“Our office is on the second floor of an old storefront building in the Old City neighborhood of Philadelphia. We’re surrounded by Ben Franklin impersonators giving walking tours of the Betsy Ross house and Independence Hall. The studio is pretty jammed packed with our books and paper scraps and ephemera. We have all sorts of design objects around including presidential busts, globes, old books, and a vintage blue-collar thermos collection. We also run our online store from this space so our poster and print archive is stored here as well as our mail room. It gets pretty chaotic at times but it has the great organized chaos of a workshop.”
Some people say that thanks to the digital era, and mostly to cultural globalization, now we have a universal design language: universal codes of colors, icons, and so on. How does it fit with the original concept of Emigre, a magazine that shows how diverse the works from emigrants may be?
Since 1984, 85, the big story in design education has been the reworking of design curriculum. There has been a movement away from two main tracks: commercial formalism and the straightforward modernist program. Post-modernism has had an effect on design curriculum. I am thinking particularly of Cranbrook, Cal Arts, and RISD, where there has been a turning away from a purely formal approach to a more literary one.
Paula Scher is one of the world's most famous graphic designers, known for creating Citibank's umbrella logo (link is external) as well as for design work for The Public Theater, The New York Times Magazine, the American Museum of Natural History, The New York City Ballet, and Herman Miller. She believes failure is the secret to artistic success. "You have to fail in order to make the next discovery," says Scher. "It's through mistakes that you actually can grow."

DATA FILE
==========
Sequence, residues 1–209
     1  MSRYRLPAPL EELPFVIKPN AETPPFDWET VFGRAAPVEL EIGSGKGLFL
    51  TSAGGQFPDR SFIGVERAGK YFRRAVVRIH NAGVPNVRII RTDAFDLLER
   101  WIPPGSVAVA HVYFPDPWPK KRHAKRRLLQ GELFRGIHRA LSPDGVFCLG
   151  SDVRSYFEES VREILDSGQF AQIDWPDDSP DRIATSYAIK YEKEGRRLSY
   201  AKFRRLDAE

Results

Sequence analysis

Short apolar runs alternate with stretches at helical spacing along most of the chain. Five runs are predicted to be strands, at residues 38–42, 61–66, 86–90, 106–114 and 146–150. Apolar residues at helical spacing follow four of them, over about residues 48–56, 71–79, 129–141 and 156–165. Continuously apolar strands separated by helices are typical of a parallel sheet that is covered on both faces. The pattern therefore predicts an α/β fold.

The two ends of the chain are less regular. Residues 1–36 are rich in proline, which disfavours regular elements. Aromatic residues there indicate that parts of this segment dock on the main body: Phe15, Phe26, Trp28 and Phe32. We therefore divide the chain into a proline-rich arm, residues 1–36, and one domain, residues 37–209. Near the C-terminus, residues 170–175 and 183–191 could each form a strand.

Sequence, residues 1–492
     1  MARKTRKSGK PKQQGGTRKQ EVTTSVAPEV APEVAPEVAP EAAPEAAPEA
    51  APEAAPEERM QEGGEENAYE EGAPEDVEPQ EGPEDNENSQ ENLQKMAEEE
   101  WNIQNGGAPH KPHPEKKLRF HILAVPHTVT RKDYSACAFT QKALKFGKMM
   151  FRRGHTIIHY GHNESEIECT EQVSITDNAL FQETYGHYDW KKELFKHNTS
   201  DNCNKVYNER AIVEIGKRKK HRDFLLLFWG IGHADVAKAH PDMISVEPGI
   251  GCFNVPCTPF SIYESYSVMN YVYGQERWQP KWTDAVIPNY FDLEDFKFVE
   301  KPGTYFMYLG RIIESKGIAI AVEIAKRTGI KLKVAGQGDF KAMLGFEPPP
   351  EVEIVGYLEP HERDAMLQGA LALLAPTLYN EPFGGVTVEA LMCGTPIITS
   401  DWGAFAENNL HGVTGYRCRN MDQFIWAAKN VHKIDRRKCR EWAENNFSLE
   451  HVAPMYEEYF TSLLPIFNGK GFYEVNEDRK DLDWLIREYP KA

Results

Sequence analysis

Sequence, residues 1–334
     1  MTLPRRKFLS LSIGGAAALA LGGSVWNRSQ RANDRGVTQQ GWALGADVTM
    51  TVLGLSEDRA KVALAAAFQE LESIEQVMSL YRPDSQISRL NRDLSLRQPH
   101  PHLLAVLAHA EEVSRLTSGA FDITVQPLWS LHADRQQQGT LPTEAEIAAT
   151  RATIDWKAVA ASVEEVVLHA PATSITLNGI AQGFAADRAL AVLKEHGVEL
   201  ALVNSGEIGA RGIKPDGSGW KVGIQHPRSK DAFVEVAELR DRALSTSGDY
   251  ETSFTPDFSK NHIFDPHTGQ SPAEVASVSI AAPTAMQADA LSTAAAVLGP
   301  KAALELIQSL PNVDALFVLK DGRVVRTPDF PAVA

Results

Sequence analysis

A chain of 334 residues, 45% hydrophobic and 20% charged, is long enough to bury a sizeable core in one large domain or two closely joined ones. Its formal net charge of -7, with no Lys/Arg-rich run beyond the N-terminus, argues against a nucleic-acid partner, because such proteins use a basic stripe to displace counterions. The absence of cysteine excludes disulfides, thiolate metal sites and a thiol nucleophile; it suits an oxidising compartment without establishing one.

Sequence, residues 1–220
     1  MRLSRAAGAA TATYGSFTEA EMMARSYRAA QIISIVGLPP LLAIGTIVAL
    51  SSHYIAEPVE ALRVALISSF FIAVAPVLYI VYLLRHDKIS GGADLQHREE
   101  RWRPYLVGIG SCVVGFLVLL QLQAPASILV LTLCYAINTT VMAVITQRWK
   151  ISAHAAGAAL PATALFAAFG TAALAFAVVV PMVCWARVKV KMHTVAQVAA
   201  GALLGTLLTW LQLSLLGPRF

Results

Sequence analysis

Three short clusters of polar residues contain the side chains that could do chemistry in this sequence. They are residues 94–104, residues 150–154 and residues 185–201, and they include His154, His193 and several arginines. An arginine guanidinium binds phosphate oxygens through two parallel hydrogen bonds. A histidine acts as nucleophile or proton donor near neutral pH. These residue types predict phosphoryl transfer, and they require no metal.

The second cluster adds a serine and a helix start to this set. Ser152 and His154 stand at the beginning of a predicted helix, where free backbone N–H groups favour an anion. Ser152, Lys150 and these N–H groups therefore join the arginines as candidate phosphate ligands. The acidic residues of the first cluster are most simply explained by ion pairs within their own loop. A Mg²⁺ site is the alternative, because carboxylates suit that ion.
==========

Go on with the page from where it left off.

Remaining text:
In 1989, Donald Moffett and Marlene McCarty founded Bureau, a “trans-disciplinary design studio” whose mandate was to produce art, film titles, political work, and brand identities. Bureau was a multidisciplinary design studio and collaboration between principals Donald Moffett and Marlene McCarty, with Claudia Brandenburg, Kiers Alexandra, Mary Day, Lucy Hitchcock, and Gabriel Feliciano, who viewed their unique design studio as a service provider and, more significantly, as an author of social messages.
Dezeen interviewed Dutch graphic designer Wim Crouwel on the eve of the opening of the 2011 exhibition 'Wim Crouwel – A Graphic Design Odyssey' at the Design Museum in London. The interview consists of two videos. In this first movie, which was filmed at the Andaz Hotel in London, Crouwel talks about the exhibition as well as wallpaper and a rug based on his typographic designs that feature in a room at the hotel.
On the occasion of his first New York retrospective, SAGMEISTER: MADE YOU LOOK, which ran at the School of Visual Arts end of 2004, the artist and designer was asked to reflect on his past and recent accomplishments. While tooting his own horn is not a favorite pastime, we did manage to get a few choice notes. Conversation with Steve Heller for AIGA.
Tomato… A house hold name in our industry. This multi-disciplinary collective tackles almost anything creative. Among the mediums most noted would include; typography, graphic design, architecture, filmmaking, and the music of Underworld. We caught up with Graham Wood, Steve Baker, and Jason Kedgely and were able to get these kind gentlemen to 'speak up’.